Friday, 13 October 2017

Blade Runner 2049 - 2017

So, this film seems to have been deemed a flop - and half the online writers have written the 5 reasons, 7 reasons and 10 reasons it didn't work. They feel compelled to come up with reasons, because the critics, and much of the audience that did watch it, think it's an excellent film.

I watched Blade Runner 2049 a few hours after re-watching the original Blade Runner (1982) - and my expectations were much lowered because of that. I hadn't liked the Ridley Scott cult favourite when I first saw it in the 1990s, I hated it when I saw it again in the 2000s and I still couldn't hack it in 2017. I understand how my personal aversion to most sci-fi films is attributed to my disdain for, say, the Star Wars franchise, for example (I've also been told that I pretend to hate them only because I like to be 'contrary'), but I maintain that a well-written, well-made film, regardless of genre, will always win my genuine appreciation. Blade Runner does not fit that requirement. I find it too slow and interminable, with a series of long, moody, atmospheric scenes that stop being relevant once the 'mood' has been established; and the mood is unfortunately established multiple times. I understand that this 'original' stylisation spawned many future characters and set-pieces, and for that we will be eternally grateful (I can see how Joss Whedon was inspired by it, when I watch Firefly, his awesome 2003 sci-fi series). I also understand that it broached certain philosophical and existential questions, which I think are still unanswered, about consciousness and what difference having a soul, if there is such a thing, makes. But I still cannot understand why everyone thinks it's a great film, because it bored/bores me.

Anyhow, with low expectations and little faith, I went to see the sequel, and I enjoyed every minute of it.

This is another neo-noir, a mystery that unveils truths of the last 30 years (since the previous film's ending). There is a new philosophical conundrum, an extension of what we saw in the last instalment of the story. There are new replicants, more advanced but more compliant. There are new humans, seemingly more 'soulless' and less conscionable than the androids. In the midst of all this, is K (Ryan Gosling), our new protagonist, with a clear purpose and a remoteness of character. It seems that K's biggest flaw, throughout the film, is that in spite of his lack of humanness, he finds in himself, that most human of all aspects: he finds Hope. And in its pursuit he finally finds Deckard (Harrison Ford) almost 120 minutes into the film, and ties up many loose ends. But the questions about humanity, love, compassion, sacrifice, and hope being the birthright of humans, being the very factors that make humans superior to machines, being the result of a soul - these questions remain asked and unanswered. As they should.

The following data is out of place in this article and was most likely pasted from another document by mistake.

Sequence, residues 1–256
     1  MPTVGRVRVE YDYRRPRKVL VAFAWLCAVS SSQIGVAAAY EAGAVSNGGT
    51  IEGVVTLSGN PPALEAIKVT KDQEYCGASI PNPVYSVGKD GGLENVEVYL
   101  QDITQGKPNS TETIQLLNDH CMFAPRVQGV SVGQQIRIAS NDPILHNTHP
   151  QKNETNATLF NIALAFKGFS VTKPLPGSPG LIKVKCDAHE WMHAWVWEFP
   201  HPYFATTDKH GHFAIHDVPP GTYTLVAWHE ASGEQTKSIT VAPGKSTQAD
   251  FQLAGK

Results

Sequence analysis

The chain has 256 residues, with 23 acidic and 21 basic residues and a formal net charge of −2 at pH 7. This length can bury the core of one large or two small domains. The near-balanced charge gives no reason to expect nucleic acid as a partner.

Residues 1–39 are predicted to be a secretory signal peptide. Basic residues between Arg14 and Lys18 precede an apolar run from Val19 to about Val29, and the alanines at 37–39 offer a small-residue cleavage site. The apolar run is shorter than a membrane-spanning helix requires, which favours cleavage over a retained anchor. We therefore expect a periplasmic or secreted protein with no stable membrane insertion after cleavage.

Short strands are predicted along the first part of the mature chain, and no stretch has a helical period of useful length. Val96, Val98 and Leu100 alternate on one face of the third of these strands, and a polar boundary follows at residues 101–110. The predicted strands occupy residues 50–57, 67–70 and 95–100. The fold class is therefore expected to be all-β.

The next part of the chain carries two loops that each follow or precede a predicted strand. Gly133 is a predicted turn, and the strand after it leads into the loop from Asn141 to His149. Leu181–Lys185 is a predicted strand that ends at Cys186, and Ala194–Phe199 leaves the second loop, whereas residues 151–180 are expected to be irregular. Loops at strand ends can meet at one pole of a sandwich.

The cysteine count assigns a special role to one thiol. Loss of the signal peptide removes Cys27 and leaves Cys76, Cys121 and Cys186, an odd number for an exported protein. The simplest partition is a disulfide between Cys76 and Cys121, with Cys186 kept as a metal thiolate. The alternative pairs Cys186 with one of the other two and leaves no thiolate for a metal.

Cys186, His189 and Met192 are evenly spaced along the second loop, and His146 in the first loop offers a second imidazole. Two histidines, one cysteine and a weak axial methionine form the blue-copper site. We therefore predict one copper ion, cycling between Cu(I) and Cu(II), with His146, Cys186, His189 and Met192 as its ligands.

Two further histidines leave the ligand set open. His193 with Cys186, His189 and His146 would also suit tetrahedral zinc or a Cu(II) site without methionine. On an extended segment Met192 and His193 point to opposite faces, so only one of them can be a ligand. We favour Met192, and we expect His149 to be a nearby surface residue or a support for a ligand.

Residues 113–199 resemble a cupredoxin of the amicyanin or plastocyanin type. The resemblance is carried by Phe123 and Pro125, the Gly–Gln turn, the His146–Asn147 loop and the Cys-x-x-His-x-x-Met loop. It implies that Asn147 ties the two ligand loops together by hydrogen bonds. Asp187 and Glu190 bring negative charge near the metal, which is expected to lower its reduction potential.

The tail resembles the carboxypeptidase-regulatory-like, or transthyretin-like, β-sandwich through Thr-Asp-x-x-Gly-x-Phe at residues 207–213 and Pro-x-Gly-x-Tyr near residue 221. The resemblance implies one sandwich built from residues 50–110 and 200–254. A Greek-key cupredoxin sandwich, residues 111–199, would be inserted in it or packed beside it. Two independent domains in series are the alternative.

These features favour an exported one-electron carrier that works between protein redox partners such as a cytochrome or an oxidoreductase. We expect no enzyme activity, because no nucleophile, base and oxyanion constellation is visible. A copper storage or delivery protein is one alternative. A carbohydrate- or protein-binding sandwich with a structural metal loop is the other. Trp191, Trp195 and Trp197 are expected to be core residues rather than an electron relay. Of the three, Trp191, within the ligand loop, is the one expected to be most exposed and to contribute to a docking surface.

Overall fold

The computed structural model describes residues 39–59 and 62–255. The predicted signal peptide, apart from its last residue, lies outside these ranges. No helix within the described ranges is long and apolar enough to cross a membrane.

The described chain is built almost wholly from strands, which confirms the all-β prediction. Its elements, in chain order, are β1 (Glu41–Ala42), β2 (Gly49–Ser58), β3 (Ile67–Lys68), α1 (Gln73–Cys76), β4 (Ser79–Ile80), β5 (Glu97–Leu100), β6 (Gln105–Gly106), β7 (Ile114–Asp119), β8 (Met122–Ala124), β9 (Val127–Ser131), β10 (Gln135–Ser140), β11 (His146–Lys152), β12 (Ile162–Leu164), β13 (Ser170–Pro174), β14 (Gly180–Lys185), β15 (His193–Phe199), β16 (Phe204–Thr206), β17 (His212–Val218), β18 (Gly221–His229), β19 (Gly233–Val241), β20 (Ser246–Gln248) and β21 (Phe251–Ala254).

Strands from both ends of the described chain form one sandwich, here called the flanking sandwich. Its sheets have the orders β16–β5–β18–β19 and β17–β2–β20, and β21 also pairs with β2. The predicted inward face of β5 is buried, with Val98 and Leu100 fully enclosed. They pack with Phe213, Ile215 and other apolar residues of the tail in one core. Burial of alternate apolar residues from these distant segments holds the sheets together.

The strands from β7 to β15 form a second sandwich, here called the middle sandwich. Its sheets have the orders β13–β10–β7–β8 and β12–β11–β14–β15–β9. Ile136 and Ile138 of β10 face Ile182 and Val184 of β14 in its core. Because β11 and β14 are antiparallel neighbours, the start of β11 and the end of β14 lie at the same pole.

I was unaware when I went to see it that the film was not directed by Ridley Scott, but by Denis Villeneuve. It was only afterwards that I realised this is the work of the same man who directed the excellent Prisoners (2013), Sicario (2015) and Arrival (2016). Like those films, this is beautifully crafted and delivered. The cinematography is flawless; whether it is the extreme close-ups, or the large landscape shots, the colours, the movements, the compositions, they are all perfect. Editing is appropriate and nothing feels too drawn out - even the slow, long scenes remain interesting and relevant. And the acting - wow! Most of the film hinges on Ryan Gosling's performance, and like his character in Drive (2011), he has very few lines to communicate what he's feeling. But Gosling's greatest ability is in what he can communicate with his face, and his eyes. And he does not fail his audience here. Not once.

Even as a self-confessed sci-fi-phobe, I highly recommend this film. It requires patience, but it fully rewards the patient viewer. Much, much better than the original.

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